When inquired about the rather gloomy aspects of this occupation, I reveal that over time, it doesn't impact you as much as you would think. I perceive people more or less like machines, and eventually, they stop functioning. But for me, there is one notable exception: children.
I would add that the look in a person's eyes is something that stays with me. The transformation from "presence" to "absence" is somehow bitter-sweet.
37. Every Picture Tells A Story
My grandma was in the late stages of Alzheimer's disease. Over the last year, she had been living in a care facility as her health worsened. My dad, a licensed nurse, managed to arrange for her to spend her final few weeks in my granddad's house.
By this time, she hadn't been able to recognize me or anyone else in almost a year and had lost most of her speech capacity. Dad placed a picture of my brother and me by her bed and gently pronounced, "Mom, these are your grandchildren and they love you dearly". She clasped the photo tenderly against her heart.
Mere minutes after that, she peacefully left us.
38. The Spice Of Life
When I was a little kid, around five or six years old, my grandpa was in his final moments at the hospital. We all stood by his side. His last action was to place his hand on my shoulder, saying, "It makes sense that you didn't enjoy my spicy meals". He passed shortly after—about 10 seconds later. Understandably, this left us all quite puzzled.
Fast forward about three months, a truly bizarre event occurred: I almost choked to death after consuming salsa. In the hospital, doctors discovered that I had an allergy to a compound called capsaicin, which is present in spicy foods. None of us knew about my allergy before grandpa's cryptic comment, as I had never exhibited any symptoms.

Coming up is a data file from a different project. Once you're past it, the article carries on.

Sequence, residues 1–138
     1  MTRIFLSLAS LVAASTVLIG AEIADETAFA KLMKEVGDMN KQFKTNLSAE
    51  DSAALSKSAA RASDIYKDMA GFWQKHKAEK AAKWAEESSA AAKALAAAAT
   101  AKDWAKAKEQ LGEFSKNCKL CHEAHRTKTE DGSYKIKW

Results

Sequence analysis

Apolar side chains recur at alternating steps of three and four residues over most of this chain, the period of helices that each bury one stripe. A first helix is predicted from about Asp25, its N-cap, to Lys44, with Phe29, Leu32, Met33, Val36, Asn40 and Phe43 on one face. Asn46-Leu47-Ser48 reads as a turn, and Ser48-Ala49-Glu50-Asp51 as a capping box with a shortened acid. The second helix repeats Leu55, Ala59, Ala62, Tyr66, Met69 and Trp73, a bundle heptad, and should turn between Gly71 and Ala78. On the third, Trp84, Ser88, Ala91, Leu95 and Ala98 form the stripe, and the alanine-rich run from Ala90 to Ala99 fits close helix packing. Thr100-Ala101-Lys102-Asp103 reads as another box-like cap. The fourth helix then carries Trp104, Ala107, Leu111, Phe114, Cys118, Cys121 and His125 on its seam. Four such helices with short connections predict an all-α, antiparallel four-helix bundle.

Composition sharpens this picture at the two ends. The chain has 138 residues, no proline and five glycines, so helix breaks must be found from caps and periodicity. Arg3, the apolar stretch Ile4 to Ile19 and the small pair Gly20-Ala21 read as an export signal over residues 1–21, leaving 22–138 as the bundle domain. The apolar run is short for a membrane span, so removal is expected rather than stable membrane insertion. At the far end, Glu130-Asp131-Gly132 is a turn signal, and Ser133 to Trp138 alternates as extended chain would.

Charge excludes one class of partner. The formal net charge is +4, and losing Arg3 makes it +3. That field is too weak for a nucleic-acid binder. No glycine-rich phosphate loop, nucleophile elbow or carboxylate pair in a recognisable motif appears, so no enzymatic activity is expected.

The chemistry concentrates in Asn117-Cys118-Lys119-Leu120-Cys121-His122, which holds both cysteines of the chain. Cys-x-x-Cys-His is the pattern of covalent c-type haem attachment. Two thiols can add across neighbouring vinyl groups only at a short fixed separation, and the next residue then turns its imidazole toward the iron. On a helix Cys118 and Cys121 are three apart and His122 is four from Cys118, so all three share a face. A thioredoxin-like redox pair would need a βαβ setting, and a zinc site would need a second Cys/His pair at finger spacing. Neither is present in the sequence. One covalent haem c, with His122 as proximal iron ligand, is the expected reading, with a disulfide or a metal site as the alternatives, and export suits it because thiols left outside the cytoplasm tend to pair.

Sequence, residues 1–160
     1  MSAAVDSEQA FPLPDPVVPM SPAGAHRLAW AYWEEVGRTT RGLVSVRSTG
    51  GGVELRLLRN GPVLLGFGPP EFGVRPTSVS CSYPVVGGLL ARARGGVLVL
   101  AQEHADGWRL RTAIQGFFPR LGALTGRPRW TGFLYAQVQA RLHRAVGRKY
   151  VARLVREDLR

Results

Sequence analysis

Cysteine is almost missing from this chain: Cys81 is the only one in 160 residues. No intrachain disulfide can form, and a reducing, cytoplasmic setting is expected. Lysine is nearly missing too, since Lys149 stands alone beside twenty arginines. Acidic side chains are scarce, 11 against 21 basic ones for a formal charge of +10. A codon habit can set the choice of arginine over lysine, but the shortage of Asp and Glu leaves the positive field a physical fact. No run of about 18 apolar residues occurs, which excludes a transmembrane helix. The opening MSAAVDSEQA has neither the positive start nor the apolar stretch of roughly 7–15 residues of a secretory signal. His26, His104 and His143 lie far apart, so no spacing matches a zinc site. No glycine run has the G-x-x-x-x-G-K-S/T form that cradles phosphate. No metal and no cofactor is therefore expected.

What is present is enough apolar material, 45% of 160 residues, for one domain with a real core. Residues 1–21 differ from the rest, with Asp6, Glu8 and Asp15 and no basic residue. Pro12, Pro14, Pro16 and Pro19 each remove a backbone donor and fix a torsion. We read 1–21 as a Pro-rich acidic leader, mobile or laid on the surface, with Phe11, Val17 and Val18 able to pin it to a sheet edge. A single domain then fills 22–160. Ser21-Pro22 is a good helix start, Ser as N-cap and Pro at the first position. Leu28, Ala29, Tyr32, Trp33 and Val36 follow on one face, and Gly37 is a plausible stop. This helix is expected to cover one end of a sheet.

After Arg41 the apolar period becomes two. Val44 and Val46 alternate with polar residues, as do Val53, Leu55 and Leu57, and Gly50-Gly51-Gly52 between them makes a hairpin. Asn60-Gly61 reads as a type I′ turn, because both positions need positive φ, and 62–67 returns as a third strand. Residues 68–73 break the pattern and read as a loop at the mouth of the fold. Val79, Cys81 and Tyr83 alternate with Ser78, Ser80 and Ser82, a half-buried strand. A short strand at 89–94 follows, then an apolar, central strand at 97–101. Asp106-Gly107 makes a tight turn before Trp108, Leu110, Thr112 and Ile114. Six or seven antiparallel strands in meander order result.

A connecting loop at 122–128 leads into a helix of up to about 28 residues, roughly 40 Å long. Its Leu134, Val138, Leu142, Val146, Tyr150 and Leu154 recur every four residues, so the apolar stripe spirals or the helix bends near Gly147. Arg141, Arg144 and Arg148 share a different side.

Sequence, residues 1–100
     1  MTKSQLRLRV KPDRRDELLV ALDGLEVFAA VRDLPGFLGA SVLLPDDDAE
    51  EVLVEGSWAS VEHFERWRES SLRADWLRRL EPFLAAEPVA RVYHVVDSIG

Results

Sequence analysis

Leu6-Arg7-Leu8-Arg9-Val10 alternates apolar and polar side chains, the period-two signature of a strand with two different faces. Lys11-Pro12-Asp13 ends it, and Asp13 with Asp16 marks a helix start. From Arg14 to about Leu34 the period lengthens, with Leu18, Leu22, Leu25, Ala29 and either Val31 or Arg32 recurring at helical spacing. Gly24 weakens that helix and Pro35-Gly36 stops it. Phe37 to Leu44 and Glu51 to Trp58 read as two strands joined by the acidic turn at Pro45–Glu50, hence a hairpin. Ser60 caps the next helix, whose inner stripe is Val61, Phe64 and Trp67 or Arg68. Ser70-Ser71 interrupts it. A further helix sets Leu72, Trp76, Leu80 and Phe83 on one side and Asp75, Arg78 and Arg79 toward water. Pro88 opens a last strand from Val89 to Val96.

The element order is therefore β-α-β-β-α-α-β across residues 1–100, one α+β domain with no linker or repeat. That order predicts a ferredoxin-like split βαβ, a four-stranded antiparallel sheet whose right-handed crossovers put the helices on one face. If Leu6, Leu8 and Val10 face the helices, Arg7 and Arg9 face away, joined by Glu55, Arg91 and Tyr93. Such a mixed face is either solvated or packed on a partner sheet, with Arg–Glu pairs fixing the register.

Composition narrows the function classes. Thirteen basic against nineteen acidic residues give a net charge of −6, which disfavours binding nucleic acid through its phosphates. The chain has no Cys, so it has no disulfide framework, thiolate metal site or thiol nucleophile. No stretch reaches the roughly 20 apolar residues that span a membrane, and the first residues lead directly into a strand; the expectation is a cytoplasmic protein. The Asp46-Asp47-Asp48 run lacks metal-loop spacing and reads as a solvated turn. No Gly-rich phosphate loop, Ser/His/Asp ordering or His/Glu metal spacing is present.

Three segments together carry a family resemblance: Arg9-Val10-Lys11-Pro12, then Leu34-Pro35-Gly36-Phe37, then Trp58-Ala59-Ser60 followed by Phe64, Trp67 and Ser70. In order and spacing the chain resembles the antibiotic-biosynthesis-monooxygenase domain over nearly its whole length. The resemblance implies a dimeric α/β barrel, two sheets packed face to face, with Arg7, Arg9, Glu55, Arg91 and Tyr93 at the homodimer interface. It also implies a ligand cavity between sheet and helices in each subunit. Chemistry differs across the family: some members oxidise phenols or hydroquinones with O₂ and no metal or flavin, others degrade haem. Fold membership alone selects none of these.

Even now, the whole situation gives me the chills.
39. Do As I Say, Not As I’ve Done
When I was studying pre-nursing, there was a patient who left a lasting impression on me. We got along pretty well, and he knew about my studies. At our final meeting, he shared his lifelong regret of failing to follow his passion—interior design.
He explained how his upbringing played a role in this. His father frequently reinforced the idea that no honorable man would choose to be an interior designer. Looking squarely into my eyes, he advised me to chase my dreams and not to allow parental pressures to dictate my choices.
His words struck a chord with me, transforming my thinking. I then reassessed my choice to study pre-nursing and made a switch to pre-med, a field I'd always been interested in but hadn't pursued because my folks kept suggesting that I wasn't capable enough for it.
I wish I had the chance to express my gratitude to that patient for helping me see things clearly.
40. The Best Way To Spread Christmas Cheer…
While studying at a music school, I had a part-time job as a custodian at an elderly care home. Since I was the youngest among the staff and the only one without a family of my own, I volunteered to cover the Christmas morning shift. Unlike others, I didn't have any little kids who'd feel let down, so it seemed a fair choice.
As I wandered the corridors, cleaning and humming Christmas tunes previously sung by our college choir, I didn't really pay mind to the happenings around me. Unexpectedly, an elderly woman in a wheelchair tried to hit me as I passed by her room. She struggled with advanced Alzheimer’s and seldom had visitors.
Just then, a woman in her fifties popped her head out of the room, eyeing me strangely. Feeling embarrassed, I quickly apologized and offered to stop singing. Much to my surprise, she retorted, "Don’t you dare! It's the only thing soothing her". Then she hurried back into the room.